BENEFITS OF PEDESTRIAN SEPARATION CAN BE QUANTIFIED
The objective of this research is to identify and develop techniques for quantifying all of the significant direct and indirect benefits associated with the separation of pedestrian and vehicle traffic and to develop a methodology for relating these benefits to the evaluation of proposals for separation. Transportation, safety, social, environmental, health and economic impacts were examined with respect to benefits of pedestrian and vehicle traffic separation. The methodology developed was a unitless scoring systems that combined subjective values reflecting community preferences with objective measurement for 36 variables such as travel time, ease of walking, accident threat concern, effects of air pollution, and residential dislocation. Unitless scoring reduces the need for assigning dollar values to the many non-economic impacts of pedestrian facilities. To ensure that the methodology could be applied to real-life situations, the techniques developed were tested at both existing and proposed pedestrain-vehicle separation facilities. Results of the measurement techniques and methodology indicated a comprehensive and consistent, yet flexible and responsive tool for traffic engineers, planners, developers, architects, evaluators, political decision makers, lobbyists, and community civic groups. In addition, the inclusion and quantification of the many subjective variables reflected the presence of needs and desires within the community that are usually excluded from economic analysis.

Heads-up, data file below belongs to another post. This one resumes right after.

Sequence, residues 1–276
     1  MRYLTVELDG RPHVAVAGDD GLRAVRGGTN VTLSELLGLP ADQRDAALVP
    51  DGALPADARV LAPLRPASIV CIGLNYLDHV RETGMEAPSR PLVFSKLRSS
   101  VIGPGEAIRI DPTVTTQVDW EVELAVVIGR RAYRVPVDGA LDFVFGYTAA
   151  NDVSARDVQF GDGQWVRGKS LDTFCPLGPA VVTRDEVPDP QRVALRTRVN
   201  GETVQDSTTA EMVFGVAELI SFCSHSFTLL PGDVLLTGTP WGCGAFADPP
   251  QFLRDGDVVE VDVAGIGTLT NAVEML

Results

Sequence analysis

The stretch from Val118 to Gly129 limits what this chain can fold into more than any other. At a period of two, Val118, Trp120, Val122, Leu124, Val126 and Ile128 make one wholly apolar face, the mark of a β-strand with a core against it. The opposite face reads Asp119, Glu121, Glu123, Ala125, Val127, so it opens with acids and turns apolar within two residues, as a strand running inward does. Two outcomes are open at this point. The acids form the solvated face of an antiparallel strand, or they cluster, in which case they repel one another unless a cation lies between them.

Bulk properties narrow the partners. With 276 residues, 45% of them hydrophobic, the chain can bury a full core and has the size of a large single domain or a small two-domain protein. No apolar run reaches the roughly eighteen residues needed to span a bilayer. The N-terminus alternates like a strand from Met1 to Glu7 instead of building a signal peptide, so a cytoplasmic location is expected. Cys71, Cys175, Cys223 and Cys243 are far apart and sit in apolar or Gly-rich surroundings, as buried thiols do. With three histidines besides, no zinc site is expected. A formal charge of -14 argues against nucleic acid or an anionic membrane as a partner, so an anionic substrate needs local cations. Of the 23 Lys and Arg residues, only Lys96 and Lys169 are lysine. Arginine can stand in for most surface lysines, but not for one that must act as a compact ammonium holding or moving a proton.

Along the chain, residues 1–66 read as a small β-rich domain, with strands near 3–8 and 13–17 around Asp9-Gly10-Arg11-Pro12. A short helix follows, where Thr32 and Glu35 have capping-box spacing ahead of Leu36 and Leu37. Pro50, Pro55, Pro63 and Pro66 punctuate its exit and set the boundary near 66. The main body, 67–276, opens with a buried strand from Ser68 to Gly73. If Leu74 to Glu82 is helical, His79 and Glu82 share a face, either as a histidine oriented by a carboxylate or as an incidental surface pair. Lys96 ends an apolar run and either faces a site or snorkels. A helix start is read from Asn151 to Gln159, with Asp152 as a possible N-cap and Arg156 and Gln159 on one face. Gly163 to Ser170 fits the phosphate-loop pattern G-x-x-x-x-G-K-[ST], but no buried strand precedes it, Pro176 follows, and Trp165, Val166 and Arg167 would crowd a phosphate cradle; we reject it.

- Sponsored by the National Cooperative Highway Research Program and the Federal Highway Administration. This report was presented at the AASHTO, 63rd Annual Meeting, October 31, 1977-November 2, 1977, held in Atlantic City, New Jersey.
Stanford Research Institute1611 North Kent Street, Rosslyn Place
Arlington, VA USA 22209
- Braun, R L
- Publication Date: 1977-11
- Features: Figures; Tables;
- Pagination: 12 p.
- TRT Terms: Equilibrium methods (Structural analysis); Highway operations; Pedestrians; Planning; Social values; Socioeconomic factors; Traffic; Traffic safety; Urban areas
- Uncontrolled Terms: Traffic segregation
- Old TRIS Terms: Community values; Equilibrium methods (Structural)
- Subject Areas: Economics; Highways; Operations and Traffic Management; Pedestrians and Bicyclists; Planning and Forecasting; Society;
- Accession Number: 00172367
- Record Type: Publication
- Report/Paper Numbers: NCHRP Proj: 20-10
- Files: TRIS
- Created Date: Apr 26 1978 12:00AM